Now available in 6 and 12-string versions, it was the LKSM-12 model that Taylor first introduced in 1990 and it is the last 12-string guitar remaining in the Taylor catalog to feature their original Jumbo body size. Both versions are mahogany guitars with a 17” lower bout and built with rosewood bindings, a blank, ebony fingerboard, wood fiber purfling and a soft, Venetian cutaway on the treble side.
The example currently on the road with its namesake has a bookmatched top of exquisite, quartersawn Sitka spruce. The cross ripple gives it the appearance of a striped piece of woven tapestry. When struck by the stage lights the silking in the grain shimmered like the Aurora.
“We went through seven prototypes until we got it just right.” he said, recalling the development process. Early attempts included “pointy” Florentine cutaways and other variations.
“And when they went into production they did just exactly what they wanted to do and forgot about the prototypes.” he said, cracking himself up. “What was encouraging about that was, it really did sound better to me. So I quit my career in luthiery and returned to just playing them.” That is something Leo Kottke has done very well for a very long time.
At 65, the esteemed ambassador of the American mode of fingerstyle guitar no longer resembles the great big boy he once did. Age has brought maturity to his looks and to his outlook.
“Mose Allison has a word for the time space-time continuum: “Spime”. If it is a continuum; I have no idea. It seems sort of permanent to me.”, he mused as he was about to spin a tale relating to an event from his youth. But in that Leo Kottke way, he jumped tracks and focused on someone else’s youth.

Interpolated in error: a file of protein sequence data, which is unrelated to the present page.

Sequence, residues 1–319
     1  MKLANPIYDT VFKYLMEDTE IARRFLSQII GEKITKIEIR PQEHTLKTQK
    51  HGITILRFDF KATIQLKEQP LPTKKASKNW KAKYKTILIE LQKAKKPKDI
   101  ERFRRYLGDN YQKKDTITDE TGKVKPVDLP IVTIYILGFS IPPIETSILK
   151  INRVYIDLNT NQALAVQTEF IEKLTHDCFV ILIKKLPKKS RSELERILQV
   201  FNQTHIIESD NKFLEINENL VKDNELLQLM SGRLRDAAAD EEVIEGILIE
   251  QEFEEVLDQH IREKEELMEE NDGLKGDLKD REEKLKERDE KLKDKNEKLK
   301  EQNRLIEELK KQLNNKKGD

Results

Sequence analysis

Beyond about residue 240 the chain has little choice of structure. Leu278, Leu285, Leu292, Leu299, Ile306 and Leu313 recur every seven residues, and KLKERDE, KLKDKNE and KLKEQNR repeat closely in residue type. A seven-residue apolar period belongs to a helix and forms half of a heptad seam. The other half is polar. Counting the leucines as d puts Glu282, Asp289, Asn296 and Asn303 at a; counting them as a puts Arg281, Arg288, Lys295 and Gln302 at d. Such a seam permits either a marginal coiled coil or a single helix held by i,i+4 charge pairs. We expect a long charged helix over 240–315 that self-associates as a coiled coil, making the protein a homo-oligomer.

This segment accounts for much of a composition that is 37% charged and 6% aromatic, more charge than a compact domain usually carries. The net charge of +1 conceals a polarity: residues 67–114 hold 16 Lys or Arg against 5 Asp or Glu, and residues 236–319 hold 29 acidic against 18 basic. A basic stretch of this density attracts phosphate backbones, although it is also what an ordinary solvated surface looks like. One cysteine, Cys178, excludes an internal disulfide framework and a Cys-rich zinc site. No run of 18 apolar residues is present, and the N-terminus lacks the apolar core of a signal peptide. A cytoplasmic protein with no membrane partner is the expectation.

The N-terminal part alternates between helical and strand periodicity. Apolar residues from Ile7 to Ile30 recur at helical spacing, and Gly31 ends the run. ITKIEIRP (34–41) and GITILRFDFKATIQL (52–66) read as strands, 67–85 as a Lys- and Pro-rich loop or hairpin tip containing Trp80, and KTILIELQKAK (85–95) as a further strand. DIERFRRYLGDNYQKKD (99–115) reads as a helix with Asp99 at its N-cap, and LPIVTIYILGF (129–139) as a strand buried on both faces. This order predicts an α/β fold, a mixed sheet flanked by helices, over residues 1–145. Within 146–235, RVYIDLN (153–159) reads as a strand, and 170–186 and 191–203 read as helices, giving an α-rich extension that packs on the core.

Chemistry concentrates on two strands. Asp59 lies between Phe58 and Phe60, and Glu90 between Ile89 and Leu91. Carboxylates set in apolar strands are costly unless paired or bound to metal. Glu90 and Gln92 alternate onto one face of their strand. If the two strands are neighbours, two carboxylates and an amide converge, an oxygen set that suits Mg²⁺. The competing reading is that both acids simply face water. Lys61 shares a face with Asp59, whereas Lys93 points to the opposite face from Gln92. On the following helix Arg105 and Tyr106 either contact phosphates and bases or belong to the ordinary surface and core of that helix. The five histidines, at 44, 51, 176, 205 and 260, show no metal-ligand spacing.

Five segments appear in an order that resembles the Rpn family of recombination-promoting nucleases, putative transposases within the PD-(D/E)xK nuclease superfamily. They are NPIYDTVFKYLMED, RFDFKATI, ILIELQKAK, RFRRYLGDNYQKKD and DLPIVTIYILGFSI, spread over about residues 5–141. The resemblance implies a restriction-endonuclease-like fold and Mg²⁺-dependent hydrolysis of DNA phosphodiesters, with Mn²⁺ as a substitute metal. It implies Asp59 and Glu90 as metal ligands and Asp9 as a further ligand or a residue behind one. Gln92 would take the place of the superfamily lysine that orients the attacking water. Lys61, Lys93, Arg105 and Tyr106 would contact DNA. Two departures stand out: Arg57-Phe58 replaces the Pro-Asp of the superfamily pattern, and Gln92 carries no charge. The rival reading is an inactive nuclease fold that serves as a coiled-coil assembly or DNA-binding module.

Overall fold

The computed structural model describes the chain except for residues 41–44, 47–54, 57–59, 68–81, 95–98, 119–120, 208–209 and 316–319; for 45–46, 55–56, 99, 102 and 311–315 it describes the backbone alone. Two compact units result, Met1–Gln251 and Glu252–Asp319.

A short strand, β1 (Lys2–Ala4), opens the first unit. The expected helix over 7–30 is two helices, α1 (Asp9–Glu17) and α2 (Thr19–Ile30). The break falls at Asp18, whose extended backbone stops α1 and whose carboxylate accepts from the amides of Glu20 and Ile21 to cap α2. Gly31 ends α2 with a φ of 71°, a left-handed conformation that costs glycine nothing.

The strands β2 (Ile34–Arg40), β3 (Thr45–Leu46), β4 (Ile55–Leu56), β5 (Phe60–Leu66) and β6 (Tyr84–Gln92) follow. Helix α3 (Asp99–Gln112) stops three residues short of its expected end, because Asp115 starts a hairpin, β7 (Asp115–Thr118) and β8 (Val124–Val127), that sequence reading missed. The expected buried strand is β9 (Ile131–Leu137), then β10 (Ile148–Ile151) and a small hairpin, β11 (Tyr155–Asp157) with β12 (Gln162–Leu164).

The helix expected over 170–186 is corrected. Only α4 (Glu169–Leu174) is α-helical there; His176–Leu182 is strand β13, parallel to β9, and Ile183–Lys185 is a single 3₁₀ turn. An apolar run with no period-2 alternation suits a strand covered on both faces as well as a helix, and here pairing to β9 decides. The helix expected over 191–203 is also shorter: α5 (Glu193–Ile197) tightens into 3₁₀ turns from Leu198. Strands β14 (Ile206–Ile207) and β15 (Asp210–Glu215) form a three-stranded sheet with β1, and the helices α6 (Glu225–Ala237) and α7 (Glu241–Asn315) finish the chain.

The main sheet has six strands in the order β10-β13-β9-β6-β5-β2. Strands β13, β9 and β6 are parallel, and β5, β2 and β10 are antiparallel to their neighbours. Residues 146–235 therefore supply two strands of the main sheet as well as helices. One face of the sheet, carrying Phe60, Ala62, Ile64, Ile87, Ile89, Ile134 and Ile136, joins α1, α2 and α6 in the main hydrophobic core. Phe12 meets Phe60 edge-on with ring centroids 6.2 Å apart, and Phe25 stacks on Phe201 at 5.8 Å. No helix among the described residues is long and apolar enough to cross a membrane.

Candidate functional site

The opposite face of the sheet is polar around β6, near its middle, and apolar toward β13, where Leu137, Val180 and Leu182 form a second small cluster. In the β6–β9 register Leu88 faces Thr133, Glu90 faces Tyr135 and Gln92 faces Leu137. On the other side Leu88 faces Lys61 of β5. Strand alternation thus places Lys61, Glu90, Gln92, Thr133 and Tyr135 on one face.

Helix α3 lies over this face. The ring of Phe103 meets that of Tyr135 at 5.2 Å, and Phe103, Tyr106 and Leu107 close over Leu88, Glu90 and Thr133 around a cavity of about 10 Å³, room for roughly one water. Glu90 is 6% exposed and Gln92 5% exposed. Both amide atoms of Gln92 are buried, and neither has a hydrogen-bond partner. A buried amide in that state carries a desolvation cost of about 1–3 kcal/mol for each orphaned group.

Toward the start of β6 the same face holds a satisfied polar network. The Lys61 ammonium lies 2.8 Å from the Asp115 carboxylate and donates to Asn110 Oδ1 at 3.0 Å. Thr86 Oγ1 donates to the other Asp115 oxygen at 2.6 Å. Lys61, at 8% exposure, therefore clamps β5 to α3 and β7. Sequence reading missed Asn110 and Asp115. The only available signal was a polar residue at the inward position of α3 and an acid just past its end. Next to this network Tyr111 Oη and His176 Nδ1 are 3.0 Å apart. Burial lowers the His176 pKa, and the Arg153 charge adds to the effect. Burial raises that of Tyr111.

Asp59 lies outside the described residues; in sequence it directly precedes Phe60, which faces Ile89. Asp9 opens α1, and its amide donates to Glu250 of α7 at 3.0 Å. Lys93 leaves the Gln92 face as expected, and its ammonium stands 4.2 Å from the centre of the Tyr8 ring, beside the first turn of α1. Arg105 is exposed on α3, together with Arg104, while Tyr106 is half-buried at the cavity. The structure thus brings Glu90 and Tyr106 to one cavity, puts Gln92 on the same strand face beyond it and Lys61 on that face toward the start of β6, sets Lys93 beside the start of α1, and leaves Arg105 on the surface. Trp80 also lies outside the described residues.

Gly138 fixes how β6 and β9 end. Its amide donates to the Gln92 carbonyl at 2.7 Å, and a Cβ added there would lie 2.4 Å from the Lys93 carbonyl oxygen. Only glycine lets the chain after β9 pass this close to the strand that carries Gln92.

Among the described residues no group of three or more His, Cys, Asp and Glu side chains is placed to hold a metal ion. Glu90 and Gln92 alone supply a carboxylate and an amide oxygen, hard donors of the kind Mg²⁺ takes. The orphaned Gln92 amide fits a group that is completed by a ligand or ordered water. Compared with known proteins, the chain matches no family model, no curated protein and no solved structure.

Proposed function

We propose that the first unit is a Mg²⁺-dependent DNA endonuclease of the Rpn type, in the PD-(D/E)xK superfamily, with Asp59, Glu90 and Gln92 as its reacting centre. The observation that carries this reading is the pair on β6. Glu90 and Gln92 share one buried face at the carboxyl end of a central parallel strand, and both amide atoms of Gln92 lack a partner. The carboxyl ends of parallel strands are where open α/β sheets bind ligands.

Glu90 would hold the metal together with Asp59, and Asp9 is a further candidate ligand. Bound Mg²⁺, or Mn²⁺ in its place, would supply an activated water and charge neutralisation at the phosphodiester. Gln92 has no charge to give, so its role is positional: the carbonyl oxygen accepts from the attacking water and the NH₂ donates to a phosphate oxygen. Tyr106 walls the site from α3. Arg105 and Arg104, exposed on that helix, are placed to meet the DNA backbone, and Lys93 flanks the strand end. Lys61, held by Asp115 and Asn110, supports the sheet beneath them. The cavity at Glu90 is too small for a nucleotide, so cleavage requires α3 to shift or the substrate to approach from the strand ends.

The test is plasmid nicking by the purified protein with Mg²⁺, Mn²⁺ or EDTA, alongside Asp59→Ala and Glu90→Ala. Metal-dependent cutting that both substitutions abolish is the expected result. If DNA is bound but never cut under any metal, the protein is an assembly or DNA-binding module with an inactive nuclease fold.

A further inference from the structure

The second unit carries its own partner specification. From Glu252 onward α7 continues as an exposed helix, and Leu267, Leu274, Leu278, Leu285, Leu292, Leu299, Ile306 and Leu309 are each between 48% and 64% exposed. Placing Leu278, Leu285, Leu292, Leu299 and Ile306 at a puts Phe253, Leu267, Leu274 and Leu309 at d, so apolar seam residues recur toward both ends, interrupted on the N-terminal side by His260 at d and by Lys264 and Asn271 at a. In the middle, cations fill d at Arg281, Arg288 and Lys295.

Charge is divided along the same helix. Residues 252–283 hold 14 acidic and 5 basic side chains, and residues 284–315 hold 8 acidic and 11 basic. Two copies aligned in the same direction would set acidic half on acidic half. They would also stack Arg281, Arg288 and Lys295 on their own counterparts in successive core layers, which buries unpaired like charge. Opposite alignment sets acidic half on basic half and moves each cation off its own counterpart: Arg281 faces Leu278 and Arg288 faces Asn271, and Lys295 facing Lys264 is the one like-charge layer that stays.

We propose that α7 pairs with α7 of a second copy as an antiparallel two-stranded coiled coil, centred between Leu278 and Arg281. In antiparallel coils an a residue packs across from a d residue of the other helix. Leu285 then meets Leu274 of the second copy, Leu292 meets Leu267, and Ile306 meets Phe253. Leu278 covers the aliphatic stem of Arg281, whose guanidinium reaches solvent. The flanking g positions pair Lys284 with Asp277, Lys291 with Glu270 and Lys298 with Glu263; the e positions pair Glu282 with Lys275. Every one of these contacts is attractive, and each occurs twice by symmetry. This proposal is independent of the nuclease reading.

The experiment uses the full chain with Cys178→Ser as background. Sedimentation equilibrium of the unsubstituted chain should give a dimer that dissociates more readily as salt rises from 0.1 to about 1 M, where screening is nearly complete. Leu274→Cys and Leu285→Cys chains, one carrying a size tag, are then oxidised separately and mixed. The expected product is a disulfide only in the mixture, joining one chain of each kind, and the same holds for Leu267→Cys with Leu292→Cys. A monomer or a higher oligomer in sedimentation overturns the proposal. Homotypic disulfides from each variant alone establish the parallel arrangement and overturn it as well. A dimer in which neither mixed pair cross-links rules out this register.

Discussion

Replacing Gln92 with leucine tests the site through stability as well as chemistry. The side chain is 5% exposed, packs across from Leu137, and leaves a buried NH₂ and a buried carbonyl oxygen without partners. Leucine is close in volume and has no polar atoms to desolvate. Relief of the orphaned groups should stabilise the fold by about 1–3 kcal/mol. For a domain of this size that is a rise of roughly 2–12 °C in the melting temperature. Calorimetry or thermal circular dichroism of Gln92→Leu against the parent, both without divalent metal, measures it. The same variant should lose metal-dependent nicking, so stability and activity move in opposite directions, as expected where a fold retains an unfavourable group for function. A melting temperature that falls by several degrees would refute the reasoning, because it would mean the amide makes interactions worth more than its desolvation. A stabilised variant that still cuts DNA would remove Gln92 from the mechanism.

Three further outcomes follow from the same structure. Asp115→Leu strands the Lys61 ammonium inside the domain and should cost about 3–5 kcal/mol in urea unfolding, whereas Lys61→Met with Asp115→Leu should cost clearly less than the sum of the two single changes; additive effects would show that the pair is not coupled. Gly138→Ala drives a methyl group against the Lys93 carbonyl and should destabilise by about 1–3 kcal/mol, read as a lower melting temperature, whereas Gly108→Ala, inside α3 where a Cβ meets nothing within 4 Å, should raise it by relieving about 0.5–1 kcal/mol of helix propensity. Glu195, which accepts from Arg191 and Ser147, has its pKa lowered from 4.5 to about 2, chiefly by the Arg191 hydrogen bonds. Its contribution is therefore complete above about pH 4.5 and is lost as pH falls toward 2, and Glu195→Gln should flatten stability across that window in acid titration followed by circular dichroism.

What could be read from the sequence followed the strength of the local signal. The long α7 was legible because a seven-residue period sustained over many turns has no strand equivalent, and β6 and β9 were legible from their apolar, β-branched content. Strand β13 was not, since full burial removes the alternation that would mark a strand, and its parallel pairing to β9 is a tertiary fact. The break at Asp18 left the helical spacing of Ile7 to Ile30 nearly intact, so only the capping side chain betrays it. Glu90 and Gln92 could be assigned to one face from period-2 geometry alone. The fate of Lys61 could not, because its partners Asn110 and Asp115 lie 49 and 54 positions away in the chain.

“I was talking to Justin Bieber the other day. He’s really depressed. He has a birthday coming up.” he said, shaking his head at the thought of someone being worried about growing old who was so young and already so famous and successful. And that led to another quantum leap and a funny story about Homer and Jethro, when they were compelled by a promoter to play an entire show to an empty ballroom. I will let Leo tell you the punch line sometime.
It has been many years since Leo Kottke has had to worry about playing to empty houses. Yet it remains easy to forget that he is so famous and renowned the world over as a true virtuoso, when he can come off as an amiable fellow guitar player who just happens to earn a living at it, while owning an irrepressible if skewed sense of humor.
He’s not played here much since the Bottom Line closed. Manhattan is fortunate in gaining an intimate venue like City Winery that is so conducive to enjoying concert soloists in an inviting and comfortable atmosphere. It is great to see Leo Kottke back on a small stage in New York City and see the seats filled to the back wall. As I told his manager’s assistant, if Leo keeps showing up we will too.
Full Set List from March 1st, 2011
Last Steam Engine Train
From Pizza Towers to Defeat
Living in the Country
Four Cents (6-string)
Rings (encore, 12-string)
March 2nd Set List (incomplete)
Living in the Country
William Powell (6-string)
From Pizza Towers to Defeat
Last Steam Engine Train
In the Bleak Midwinter (12-string)
Disco (yes, he played the same tune twice in one show.)
Not sure what is missing other than Little Martha, which I am told was not the encore.